BESS, et al. v. SPENO, et al.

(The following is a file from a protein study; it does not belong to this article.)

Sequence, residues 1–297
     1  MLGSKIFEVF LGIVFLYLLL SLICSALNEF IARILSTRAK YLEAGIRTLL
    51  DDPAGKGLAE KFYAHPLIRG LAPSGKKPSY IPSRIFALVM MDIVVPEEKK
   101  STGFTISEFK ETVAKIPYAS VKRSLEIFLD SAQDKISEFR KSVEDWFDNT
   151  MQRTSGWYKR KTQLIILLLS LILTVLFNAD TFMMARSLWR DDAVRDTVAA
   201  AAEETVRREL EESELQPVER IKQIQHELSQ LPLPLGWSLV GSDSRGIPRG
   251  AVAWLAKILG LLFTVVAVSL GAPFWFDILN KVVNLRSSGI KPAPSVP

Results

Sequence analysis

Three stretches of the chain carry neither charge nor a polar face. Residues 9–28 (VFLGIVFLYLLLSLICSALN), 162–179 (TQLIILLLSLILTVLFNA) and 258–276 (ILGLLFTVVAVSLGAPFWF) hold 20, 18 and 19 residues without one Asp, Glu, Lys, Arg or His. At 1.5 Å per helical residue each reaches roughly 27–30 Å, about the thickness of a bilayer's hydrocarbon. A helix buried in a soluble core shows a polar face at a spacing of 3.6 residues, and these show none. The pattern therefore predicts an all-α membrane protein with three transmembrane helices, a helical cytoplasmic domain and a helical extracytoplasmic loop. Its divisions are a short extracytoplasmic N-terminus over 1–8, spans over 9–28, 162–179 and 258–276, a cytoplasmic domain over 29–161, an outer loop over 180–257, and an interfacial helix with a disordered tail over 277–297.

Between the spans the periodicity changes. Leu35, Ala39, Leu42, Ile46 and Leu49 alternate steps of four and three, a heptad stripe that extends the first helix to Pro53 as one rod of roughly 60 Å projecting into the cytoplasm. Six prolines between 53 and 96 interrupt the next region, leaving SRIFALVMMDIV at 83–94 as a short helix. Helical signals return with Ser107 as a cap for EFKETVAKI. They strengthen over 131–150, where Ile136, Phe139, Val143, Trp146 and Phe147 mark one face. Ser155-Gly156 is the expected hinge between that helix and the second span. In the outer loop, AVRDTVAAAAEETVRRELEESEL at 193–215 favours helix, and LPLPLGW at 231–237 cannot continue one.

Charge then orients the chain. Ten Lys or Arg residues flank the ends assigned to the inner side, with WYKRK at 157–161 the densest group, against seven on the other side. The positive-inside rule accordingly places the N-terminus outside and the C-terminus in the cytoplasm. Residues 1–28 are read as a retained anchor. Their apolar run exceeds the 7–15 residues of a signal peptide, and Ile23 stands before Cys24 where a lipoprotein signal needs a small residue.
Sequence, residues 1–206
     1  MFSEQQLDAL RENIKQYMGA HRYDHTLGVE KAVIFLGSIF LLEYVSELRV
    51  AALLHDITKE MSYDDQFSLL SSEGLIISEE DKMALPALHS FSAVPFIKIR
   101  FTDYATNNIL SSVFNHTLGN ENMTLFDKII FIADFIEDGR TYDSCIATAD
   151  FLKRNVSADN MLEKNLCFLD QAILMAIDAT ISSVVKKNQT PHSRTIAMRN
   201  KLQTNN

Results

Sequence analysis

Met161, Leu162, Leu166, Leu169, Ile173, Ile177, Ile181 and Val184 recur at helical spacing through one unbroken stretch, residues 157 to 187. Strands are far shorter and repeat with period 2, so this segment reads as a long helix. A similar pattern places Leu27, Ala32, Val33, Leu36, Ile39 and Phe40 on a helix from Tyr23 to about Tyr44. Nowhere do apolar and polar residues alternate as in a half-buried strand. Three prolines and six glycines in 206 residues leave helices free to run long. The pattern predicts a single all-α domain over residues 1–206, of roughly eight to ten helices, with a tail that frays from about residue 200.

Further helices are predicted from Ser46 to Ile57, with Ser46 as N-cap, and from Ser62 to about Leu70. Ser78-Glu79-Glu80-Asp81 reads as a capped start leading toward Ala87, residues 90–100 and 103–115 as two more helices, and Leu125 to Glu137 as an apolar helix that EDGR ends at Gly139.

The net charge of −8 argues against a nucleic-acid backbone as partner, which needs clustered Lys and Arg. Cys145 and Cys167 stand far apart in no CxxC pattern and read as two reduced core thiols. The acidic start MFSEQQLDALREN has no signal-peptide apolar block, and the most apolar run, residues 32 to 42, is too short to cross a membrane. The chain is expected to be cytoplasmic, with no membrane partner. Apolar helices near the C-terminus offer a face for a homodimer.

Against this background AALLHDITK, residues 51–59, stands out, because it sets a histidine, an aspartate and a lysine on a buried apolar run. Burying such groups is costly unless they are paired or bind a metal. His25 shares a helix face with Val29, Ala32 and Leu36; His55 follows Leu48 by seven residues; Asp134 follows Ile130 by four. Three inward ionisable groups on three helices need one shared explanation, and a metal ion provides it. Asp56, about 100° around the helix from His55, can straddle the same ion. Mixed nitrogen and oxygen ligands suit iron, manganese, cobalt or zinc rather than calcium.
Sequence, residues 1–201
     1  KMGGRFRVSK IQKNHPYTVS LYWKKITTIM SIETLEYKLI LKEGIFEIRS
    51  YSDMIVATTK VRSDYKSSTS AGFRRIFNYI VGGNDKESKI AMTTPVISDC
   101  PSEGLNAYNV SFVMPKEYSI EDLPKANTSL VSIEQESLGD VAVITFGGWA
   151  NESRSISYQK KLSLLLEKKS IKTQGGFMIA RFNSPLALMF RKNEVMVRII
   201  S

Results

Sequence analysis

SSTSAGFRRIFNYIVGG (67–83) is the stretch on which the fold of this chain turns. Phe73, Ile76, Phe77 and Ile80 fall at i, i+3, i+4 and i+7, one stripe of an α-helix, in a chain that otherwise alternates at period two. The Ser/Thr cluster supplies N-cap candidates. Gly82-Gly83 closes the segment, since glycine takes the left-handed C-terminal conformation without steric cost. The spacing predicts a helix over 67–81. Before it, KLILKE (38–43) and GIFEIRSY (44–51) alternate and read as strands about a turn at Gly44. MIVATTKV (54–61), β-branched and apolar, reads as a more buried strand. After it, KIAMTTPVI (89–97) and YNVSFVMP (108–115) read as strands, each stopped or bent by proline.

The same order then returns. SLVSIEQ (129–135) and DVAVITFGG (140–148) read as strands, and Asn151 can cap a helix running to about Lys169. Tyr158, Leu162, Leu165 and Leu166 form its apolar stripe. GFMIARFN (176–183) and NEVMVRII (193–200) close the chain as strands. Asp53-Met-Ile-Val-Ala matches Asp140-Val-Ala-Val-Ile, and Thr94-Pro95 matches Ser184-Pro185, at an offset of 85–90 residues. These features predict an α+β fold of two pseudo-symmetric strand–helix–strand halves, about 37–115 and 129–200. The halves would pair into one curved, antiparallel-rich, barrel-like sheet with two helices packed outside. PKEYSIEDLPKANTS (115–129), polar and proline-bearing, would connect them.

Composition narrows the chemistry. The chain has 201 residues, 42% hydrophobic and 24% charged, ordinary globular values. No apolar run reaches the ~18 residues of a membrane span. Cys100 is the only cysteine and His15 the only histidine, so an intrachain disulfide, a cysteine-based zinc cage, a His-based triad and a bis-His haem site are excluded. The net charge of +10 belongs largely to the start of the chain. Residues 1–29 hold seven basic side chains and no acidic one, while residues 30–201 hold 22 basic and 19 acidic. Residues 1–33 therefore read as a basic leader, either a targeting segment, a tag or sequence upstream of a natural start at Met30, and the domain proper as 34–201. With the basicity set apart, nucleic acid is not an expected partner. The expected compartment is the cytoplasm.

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NOTICE: NOT FOR OFFICIAL PUBLICATION. UNDER ARIZONA RULE OF THE SUPREME COURT 111(c), THIS DECISION IS NOT PRECEDENTIAL AND MAY BE CITED ONLY AS AUTHORIZED BY RULE. IN THE ARIZONA COURT OF APPEALS DIVISION ONE CHRIS BESS, et al., Plaintiffs/Appellants, v. MARK SPENO, et al., Defendants/Appellees. No. 1 CA-CV 18-0009 FILED 10-30-2018 Appeal from the Superior Court in Maricopa County No. CV2013-052880 The Honorable Susan M. Brnovich, Judge The Honorable Thomas L. LeClaire, Judge (Retired) AFFIRMED IN PART; REMANDED IN PART COUNSEL Goldman & Zwillinger PLLC, Scottsdale By Mark D. Goldman, Carolyn J. Goldman Counsel for Plaintiffs/Appellants Buchalter, PC, Scottsdale By Glenn B. Hotchkiss Counsel for Defendants/Appellees MEMORANDUM DECISION Judge Lawrence F. Winthrop delivered the decision of the Court, in which Presiding Judge Jennifer M. Perkins and Judge Jon W. Thompson joined. BESS, et al. v. SPENO, et al. Decision of the Court W I N T H R O P, Judge: ¶1 Chris Bess, et al. (“Plaintiffs”) appeal the superior court’s judgment in favor of Mark Speno, et al. (“Defendants”).1 For the following reasons, we affirm but remand for the limited purpose of allowing the superior court to determine whether Defendants have paid their appropriate share of expenses. FACTS AND PROCEDURAL HISTORY ¶2 Plaintiffs and Defendants collectively funded eight loans secured by deeds of trust on commercial real property. For each loan, the parties entered a Beneficiary Operating Agreement, which took the same form for all eight loans (collectively, “the Agreements”). The Agreements provide that a 51% majority vote binds the group in making certain decisions. ¶3 After the borrowers defaulted on the loans, Plaintiffs and Defendants foreclosed and purchased eight properties (“the Properties”) at trustee’s sales. The deeds conveyed ownership to Plaintiffs and Defendants as tenants in common according to each party’s undivided interest in the Properties. After taking ownership, Plaintiffs, who collectively own a majority interest in each property, desired to hold the Properties until the market improved. Defendants, who own a minority interest in each property, wanted to sell the Properties. ¶4 Unable to resolve their dispute, Plaintiffs filed a complaint in superior court, seeking a declaration that the Agreements require Defendants to abide by the majority’s decision. See Ariz. Rev. Stat. (“A.R.S.”) § 12-1832 (authorizing individuals holding an interest in a deed or written contract to obtain a declaration of rights). Defendants counterclaimed, requesting a declaration that the Agreements are unenforceable and seeking partition of the Properties by sale. See A.R.S. § 12-1211 (authorizing a co-owner of real property to compel partition). ¶5 Following oral argument on the parties’ competing declaratory judgment claims, the superior court (the Honorable Thomas L. LeClaire) ruled that, although the Agreements are valid and enforceable, they do not address “any rights, obligations, or procedures for maintaining property ownership after a foreclosure.” The court concluded the law Plaintiffs are a group of thirty-five individuals and entities. Defendants are Mark Speno, his wife, Ronda Lalonde, and their entities. 1 2 BESS, et al. v. SPENO, et al. Decision of the Court governing tenancy in common applied and, therefore, Defendants could seek partition. Thereafter, the court appointed a special real estate commissioner and ordered him to list the Properties for sale. ¶6 Plaintiffs petitioned this court for special action relief from the sale order. We accepted jurisdiction and granted relief, concluding the superior court had abused its discretion by ordering partition because “the matter was not tried as a partition action” and “the parties presented no evidence regarding partition.” See Bess, et al. v. LeClaire (Speno, et al.), 1 CASA 15-0076, at *6, ¶ 12 (Ariz. App. Aug. 4, 2015) (decision order). ¶7 After the parties returned to superior court, Defendants requested partition pursuant to A.R.S. § 12-1215. Plaintiffs did not object. The superior court (the Honorable Susan M. Brnovich) issued a judgment of partition and appointed three real estate commissioners to execute the partition. See A.R.S. § 12-1216 (outlining the duties of the commissioners). The commissioners determined the Properties could not be equitably divided, so the court ordered their sale. See A.R.S. § 12-1218(A) (directing the court to order a sale if the property cannot be partitioned). Thereafter, the court entered a judgment pursuant to Arizona Rule of Civil Procedure 54(b), awarding attorneys’ fees and costs to Defendants.2 ¶8 Plaintiffs timely appealed. We have jurisdiction pursuant to A.R.S. § 12-2101(A). ANALYSIS I. The Agreements ¶9 Plaintiffs argue the superior court erred in concluding the Agreements do not apply to their decision to hold the Properties postforeclosure. According to Plaintiffs, “it is abundantly clear on the face of the Agreements that the parties intended the Agreements to apply to their decisions regarding the sales of the Properties.” We review de novo issues of contract interpretation. Elm Ret. Ctr., LP v. Callaway, 226 Ariz. 287, 290, ¶ 15 (App. 2010). ¶10 Our role in interpreting an agreement “is to ascertain and enforce the parties’ intent.” Id. (citing U.S. W. Commc’ns, Inc. v. Ariz. Corp. Comm’n, 185 Ariz. 277, 280 (App. 1996)). In doing so, we “look to the plain meaning of the words as viewed in the context of the contract as a whole.” The superior court retained continuing jurisdiction for purposes of overseeing the Properties’ sales and the distribution of sale proceeds. 2 3 BESS, et al. v. SPENO, et al. Decision of the Court Earle Invs., LLC v. S. Desert Med. Ctr. Partners, 242 Ariz. 252, 255, ¶ 14 (App. 2017) (quoting United Cal. Bank v. Prudential Ins. Co. of Am., 140 Ariz. 238, 259 (App. 1983)). Applying these rules of construction, we analyze the Agreements’ majority vote provision: A) 1% of the investment amount equals 1 vote. B) An instruction sheet signed by a simpl[e] majority 51% or more shall be binding on the group and may be relied on by anyone we do business with as a valid instruction. . . . C) This authorization shall be used for: Making decisions in any and all actions to collect money or other security due, including, but not limited to hiring a Trustee sales agent, changing Trustee sales agents, hiring attorneys for foreclosure or bankruptcy filings, [and] buying insurance to protect uninsured property owned or [on] which we hold liens.[3] Decisions to hire agents to sell property or goods owned by us collectively. The Agreements further provide, “We may use any broker to lend, buy a loan, sell a loan, commence a trustee sale to foreclose our security on a loan, sell property and hire and fire agents based on our 51% vote.” ¶11 The parties entered the Agreements for the stated purpose “of making a loan secured by real estate.” The Agreements expressly provide that a 51% majority vote authorizes decisions relating to: (1) collecting money or other security; (2) hiring a trustee sale agent; (3) hiring attorneys for foreclosures or bankruptcy filings; (4) buying insurance; (5) hiring agents to sell property; and (6) using a broker to lend, buy a loan, sell a loan, commence a trustee sale, sell property, and hire and fire agents. In contrast, the Agreements do not authorize the parties to rely on a majority vote to hold the Properties for an indefinite time or to maintain, lease, or improve the Properties during any holding period. Plaintiffs are correct that the language “including, but not limited to” in this paragraph is the predicate to an inclusive, rather than exclusive, list. However, the qualifying language before that phrase limits the authorization to “decisions in . . . actions to collect money or other security due.” 3 4 BESS, et al. v. SPENO, et al. Decision of the Court ¶12 Moreover, the Agreements acknowledge that Plaintiffs and Defendants came together for the purpose of making a loan. When the loans were extinguished by foreclosure, the purpose of the Agreements, which were titled “Beneficiary Operating Agreement[s],” was fulfilled. (Emphasis added.) The parties were no longer beneficiaries of the deeds of trust. Notably, the trustee’s deeds conveyed the Properties to Plaintiffs and Defendants as tenants in common according to their individual percentage ownership. ¶13 Upon review of the Agreements, we conclude the 51% majority vote provision authorizes only those decisions specifically delineated in the text of the Agreements. The Agreements do not authorize the investors to hold the Properties for an indefinite time based on a majority vote. A. Extrinsic Evidence ¶14 Plaintiffs next argue the superior court “erred in refusing to consider extrinsic evidence to determine the intent of the parties.” Relying on Taylor v. State Farm Mutual Automobile Insurance Co., 175 Ariz. 148 (1993), they argue the superior court was required to consider extrinsic evidence of the parties’ intent. ¶15 In Taylor, our supreme court explained that Arizona follows the “Corbin view,” which permits the admission of extrinsic evidence to assist in contract interpretation. Id. at 152-53. The court defined the word “interpretation” as “the process by which we determine the meaning of words in a contract.” Id. at 152; see also Restatement (Second) of Contracts § 200 (1981). Even under the Corbin view, however, extrinsic evidence is not admissible to vary the terms of an agreement. See Taylor, 175 Ariz. at 152-53; Standage Ventures, Inc. v. State, 114 Ariz. 480, 482 (1977) (holding that the parol evidence rule “prohibits the use of extrinsic evidence to add to, subtract from, vary or contradict the terms of a complete and unambiguous written agreement” (citing Richards Dev. Co. v. Sligh, 89 Ariz. 100, 101 (1961))). ¶16 Before considering extrinsic evidence, the superior court “must determine whether the agreement’s language is reasonably susceptible to the proposed interpretation.” See Nahom v. Blue Cross & Blue Shield of Ariz., Inc., 180 Ariz. 548, 552 (App. 1994) (citing Taylor, 175 Ariz. at 154-55). This determination is a question of law, which we review de novo. See In re Estate of Lamparella, 210 Ariz. 246, 250, ¶ 21 (App. 2005). 5 BESS, et al. v. SPENO, et al. Decision of the Court ¶17 Plaintiffs did not request an evidentiary hearing in writing regarding their declaratory judgment claim. At oral argument, however, Plaintiffs’ counsel claimed, [M]y clients can testify and Mr. Speno can testify that the intent of the parties, when they entered into this agreement, was to govern all the decisions down the road that pertain to the investment in these loans, and clearly it applies to what would happen if the parties ended up taking the property back and becoming owners of the property. Even assuming Plaintiffs’ request for an evidentiary hearing was sufficient, the proffered testimony, if true, would vary the terms of the Agreements, adding additional decisions to which the majority vote provision would apply. Plaintiffs’ evidence does not help us interpret the meaning of the Agreements’ language; it adds to the terms of the Agreements. See Mining Inv. Grp., LLC v. Roberts, 217 Ariz. 635, 639, ¶ 16 (App. 2008) (stating that it is not the court’s role “to alter, revise, modify, extend, rewrite or remake an agreement” (quoting Goodman v. Newzona Inv. Co., 101 Ariz. 470, 472 (1966))). Accordingly, exclusion of the proffered evidence was appropriate. B. Alteration of Statutory Rights ¶18 Plaintiffs further argue that parties “may alter their rights under Arizona laws through their contracts.” They contend that Plaintiffs and Defendants altered their rights as tenants in common “by agreeing instead that their co-ownership rights in the Properties would be governed by the 51% majority vote provision in the Agreements.” As explained above, the Agreements did not authorize a majority decision to hold the Properties. Therefore, the Agreements did not alter Defendants’ right to seek partition of the Properties. See A.R.S. § 12-1211. Accordingly, we affirm the superior court’s decision as to this issue. II. Attorneys’ Fees in the Superior Court ¶19 Plaintiffs also argue the superior court erred “in ruling that Defendants were the ‘prevailing party’ for purposes of awarding attorney[s’] fees and costs.” ¶20 The superior court may award reasonable attorneys’ fees to the successful party in an action arising out of contract. A.R.S. § 12341.01(A). When there are multiple claims, and both parties have succeeded in part, a court may utilize a “percentage of success factor” or a “totality of the litigation” test. Schwartz v. Farmers Ins. Co. of Ariz., 166 Ariz. 6 BESS, et al. v. SPENO, et al. Decision of the Court 33, 38 (App. 1990). As a general rule, we review an award of attorneys’ fees for an abuse of discretion. See Assyia v. State Farm Mut. Auto. Ins. Co., 229 Ariz. 216, 222, ¶ 25 (App. 2012). ¶21 Here, the superior court exercised its discretion to award Defendants their attorneys’ fees. The court acknowledged that both Plaintiffs and Defendants were successful in part but concluded that, under the “totality of the circumstances,” Defendants were the successful party. Finding no abuse of discretion, we affirm the awards. III. Additional Issues ¶22 Plaintiffs next argue the superior court failed to rule on several issues raised by their pleadings. A. Attorneys’ Fees for Foreclosure and Bankruptcy Filings ¶23 Plaintiffs argue the superior court did not determine whether Defendants were required to pay their proportionate share of attorneys’ fees incurred to prosecute foreclosures and handle bankruptcy filings as well as “other matters involving the Loans and the Properties.” ¶24 The Agreements authorize Plaintiffs to rely on a majority vote to hire attorneys “for foreclosure or bankruptcy filings” and require Defendants to pay their share of those expenses. On remand, the superior court shall conduct proceedings to determine whether Defendants have paid these expenses and, if not, order payment of the same with applicable interest. B. Tax Penalties and Interest ¶25 Plaintiffs also argue the superior court did not determine whether Defendants owed penalties and interest arising from Defendants’ failure to make timely tax payments. The court did rule, however, that Defendants fully paid the delinquent taxes on six of the eight Properties. The court then ordered that, for the remaining two properties, the parties should pay “the taxes, interest, and penalties, imposed by the applicable governmental entity or entities, equally and proportionately to the percentage interest held by that party.” To the extent Plaintiffs seek enforcement of the superior court’s order, they must do so in superior court. 7 BESS, et al. v. SPENO, et al. Decision of the Court C. Leases ¶26 Finally, Plaintiffs seek damages caused by Defendants’ objection to grazing and cell phone leases. The superior court determined the Agreements did not authorize Plaintiffs to lease the Properties in reliance on a majority vote. We affirm that ruling. Accordingly, Plaintiffs are not eligible for their claimed damages. IV. Attorneys’ Fees on Appeal ¶27 Both parties seek attorneys’ fees on appeal pursuant to A.R.S. § 12-341.01. In the exercise of our discretion, we deny both parties’ requests. We award taxable costs to Defendants upon compliance with Arizona Rule of Civil Appellate Procedure 21. CONCLUSION ¶28 For the foregoing reasons, we affirm the superior court’s judgment, but remand this matter to the superior court for the limited determination of whether Defendants owe their share of expenses related to foreclosures and bankruptcy filings. AMY M. WOOD • Clerk of the Court FILED: AA 8